|Microcredit : "Focus on the women"|
|Summit lauds region's success stories
Like dozens of other Jordanian women from poverty-stricken backgrounds, Samira al-Ghaliz improved her lot by seeking a small loan seven years ago to set up her own business.
Hers was one of the success stories heard at the Middle East and Africa Region Microcredit Summit organized in Jordan this week by the Arab Gulf Program for United Nations Development Organizations (AGFUND) and the Washington-based Microcredit Summit Campaign.
The conference's conclusions will be sent to the United Nations, which declared 2005 the International Year of Microcredit in a bid to reach 100 million of the world's poorest families with credit to be used for self-employment.
In a narrow street of the male-dominated teeming market place of the Palestinian refugee camp of Wehdat in eastern Amman, Samira set up a stall, selling shoes as well as new and used clothes.
"I have two sons and seven daughters," the 50-year-old mother said proudly. "Thanks be to God, all my children are getting an education." In 1997 Samira decided to enter the job market to help feed her family, as her husband earns little more than minimum wages (around 80 dinars, $114) at a paper factory.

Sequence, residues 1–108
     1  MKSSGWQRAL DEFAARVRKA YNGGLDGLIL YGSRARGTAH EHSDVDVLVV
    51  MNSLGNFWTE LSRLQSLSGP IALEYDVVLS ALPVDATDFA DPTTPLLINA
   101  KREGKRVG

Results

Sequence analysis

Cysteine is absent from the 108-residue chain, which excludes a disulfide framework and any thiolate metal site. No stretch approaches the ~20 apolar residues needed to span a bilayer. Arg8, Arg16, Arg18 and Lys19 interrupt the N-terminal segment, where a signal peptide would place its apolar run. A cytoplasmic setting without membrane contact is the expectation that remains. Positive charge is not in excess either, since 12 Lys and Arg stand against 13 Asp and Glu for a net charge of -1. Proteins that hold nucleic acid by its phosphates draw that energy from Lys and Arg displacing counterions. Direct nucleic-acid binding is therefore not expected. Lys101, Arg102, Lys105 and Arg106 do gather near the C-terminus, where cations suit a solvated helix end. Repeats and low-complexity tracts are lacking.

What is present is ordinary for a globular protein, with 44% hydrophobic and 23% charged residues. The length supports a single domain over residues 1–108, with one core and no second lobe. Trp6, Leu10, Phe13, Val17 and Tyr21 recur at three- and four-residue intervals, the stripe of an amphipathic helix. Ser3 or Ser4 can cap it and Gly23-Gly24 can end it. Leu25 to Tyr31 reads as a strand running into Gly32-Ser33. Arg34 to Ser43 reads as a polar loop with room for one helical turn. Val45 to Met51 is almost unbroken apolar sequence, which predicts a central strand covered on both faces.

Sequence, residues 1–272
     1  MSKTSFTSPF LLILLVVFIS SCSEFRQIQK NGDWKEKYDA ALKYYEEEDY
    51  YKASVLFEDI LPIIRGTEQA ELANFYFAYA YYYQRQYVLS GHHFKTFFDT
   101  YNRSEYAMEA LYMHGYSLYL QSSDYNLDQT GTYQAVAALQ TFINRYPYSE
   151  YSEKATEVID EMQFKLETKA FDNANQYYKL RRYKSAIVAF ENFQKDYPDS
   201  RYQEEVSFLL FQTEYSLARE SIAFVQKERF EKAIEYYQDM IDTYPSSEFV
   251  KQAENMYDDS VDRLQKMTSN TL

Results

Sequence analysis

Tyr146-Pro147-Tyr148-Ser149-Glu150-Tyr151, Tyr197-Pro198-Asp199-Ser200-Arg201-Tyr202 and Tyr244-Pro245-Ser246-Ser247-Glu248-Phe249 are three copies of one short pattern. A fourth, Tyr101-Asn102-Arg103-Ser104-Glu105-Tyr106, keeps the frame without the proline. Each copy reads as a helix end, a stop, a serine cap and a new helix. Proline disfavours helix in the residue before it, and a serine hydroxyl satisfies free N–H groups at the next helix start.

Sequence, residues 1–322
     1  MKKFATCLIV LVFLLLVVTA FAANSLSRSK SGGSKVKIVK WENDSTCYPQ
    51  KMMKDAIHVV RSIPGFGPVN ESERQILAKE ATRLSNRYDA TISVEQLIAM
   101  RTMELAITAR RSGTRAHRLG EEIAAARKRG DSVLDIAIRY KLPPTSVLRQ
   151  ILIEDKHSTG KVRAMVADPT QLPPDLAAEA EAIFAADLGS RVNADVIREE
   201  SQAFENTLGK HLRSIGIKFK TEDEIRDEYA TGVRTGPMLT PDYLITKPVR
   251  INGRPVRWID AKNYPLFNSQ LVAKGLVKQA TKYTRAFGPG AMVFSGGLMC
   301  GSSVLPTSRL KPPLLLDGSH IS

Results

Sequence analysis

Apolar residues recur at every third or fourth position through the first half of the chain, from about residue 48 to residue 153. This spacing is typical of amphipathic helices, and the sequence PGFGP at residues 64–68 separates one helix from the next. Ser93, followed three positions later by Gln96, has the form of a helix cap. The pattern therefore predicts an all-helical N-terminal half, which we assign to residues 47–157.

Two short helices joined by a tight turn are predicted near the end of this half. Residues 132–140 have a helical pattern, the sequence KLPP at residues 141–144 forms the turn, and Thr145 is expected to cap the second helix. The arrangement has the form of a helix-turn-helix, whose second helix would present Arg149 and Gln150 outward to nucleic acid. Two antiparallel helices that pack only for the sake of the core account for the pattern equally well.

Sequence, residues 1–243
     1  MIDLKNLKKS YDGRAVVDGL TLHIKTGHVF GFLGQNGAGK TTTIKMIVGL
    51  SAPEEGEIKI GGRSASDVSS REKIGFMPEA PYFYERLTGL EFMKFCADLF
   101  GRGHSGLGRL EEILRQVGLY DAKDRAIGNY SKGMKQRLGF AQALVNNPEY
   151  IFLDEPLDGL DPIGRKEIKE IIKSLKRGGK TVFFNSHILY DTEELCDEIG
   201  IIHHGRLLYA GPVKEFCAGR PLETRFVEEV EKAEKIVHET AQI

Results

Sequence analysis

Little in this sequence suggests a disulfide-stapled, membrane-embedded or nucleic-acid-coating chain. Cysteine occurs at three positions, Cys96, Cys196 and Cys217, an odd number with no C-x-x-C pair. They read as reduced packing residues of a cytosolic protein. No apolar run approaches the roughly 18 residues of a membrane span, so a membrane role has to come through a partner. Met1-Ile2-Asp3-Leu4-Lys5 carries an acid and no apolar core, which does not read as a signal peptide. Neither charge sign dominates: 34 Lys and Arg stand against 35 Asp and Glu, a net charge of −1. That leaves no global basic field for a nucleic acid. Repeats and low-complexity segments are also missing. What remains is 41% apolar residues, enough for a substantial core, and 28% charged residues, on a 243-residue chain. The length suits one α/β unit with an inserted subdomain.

Like dozens before her she knocked at the doors of Microfund For Women, a Jordanian NGO, and obtained a first loan of 100 dinars.
Over the years she made a profit and gained the trust of her lenders who recently let her borrow another 2,000 dinars to carry on and expand her business.
Raqia Raja, a 43-year-old unmarried women, helps care for her ailing parents and a younger sister at the family home in Irbid, northern Jordan, where she packages and sells frozen vegetables, lentils and crushed wheat.
After finishing high-school she went on a two-year college course but had to quit her studies to care for her family.
"Our situation was very bad, but now we are doing well," said Raja, who started off her business with a $140 loan in 1997.
Microfund For Women manager Arije al-Amad said her NGO has handed $57 million worth of loans since 1994 to a total of around 40,000 individuals.
"Ninety-nine percent of our borrowers are women," Amad said as she visited with some of the women success stories.
Mohammad Yunis, who launched one of the world's largest micro credit programs in Bangladesh nearly three decades ago, said a good way of beating poverty was seeking out women and giving them a helping hand.
"Women do much better at changing the family situation," said Yunis, who started the Grameen Bank of the poor in Bangladesh.
"Women pay attention to children (more than men), so you can rest assured that the second generation in the family will do much better if you approach the family through the women," he added.
"Women want to build the future, women always represent the future," said Yunis, one of more than 600 experts attending the conference in Amman hosted by Jordan's Queen Rania al-Abdullah, a champion of women's rights.
Saudi Prince Talal bin Abdul Aziz, a brother of King Fahd and head of AGFUND, told the opening session of the conference that the fight against poverty was essential to uproot the plague of terrorism facing the world.
Beirut,10 18 2004
The Daily Star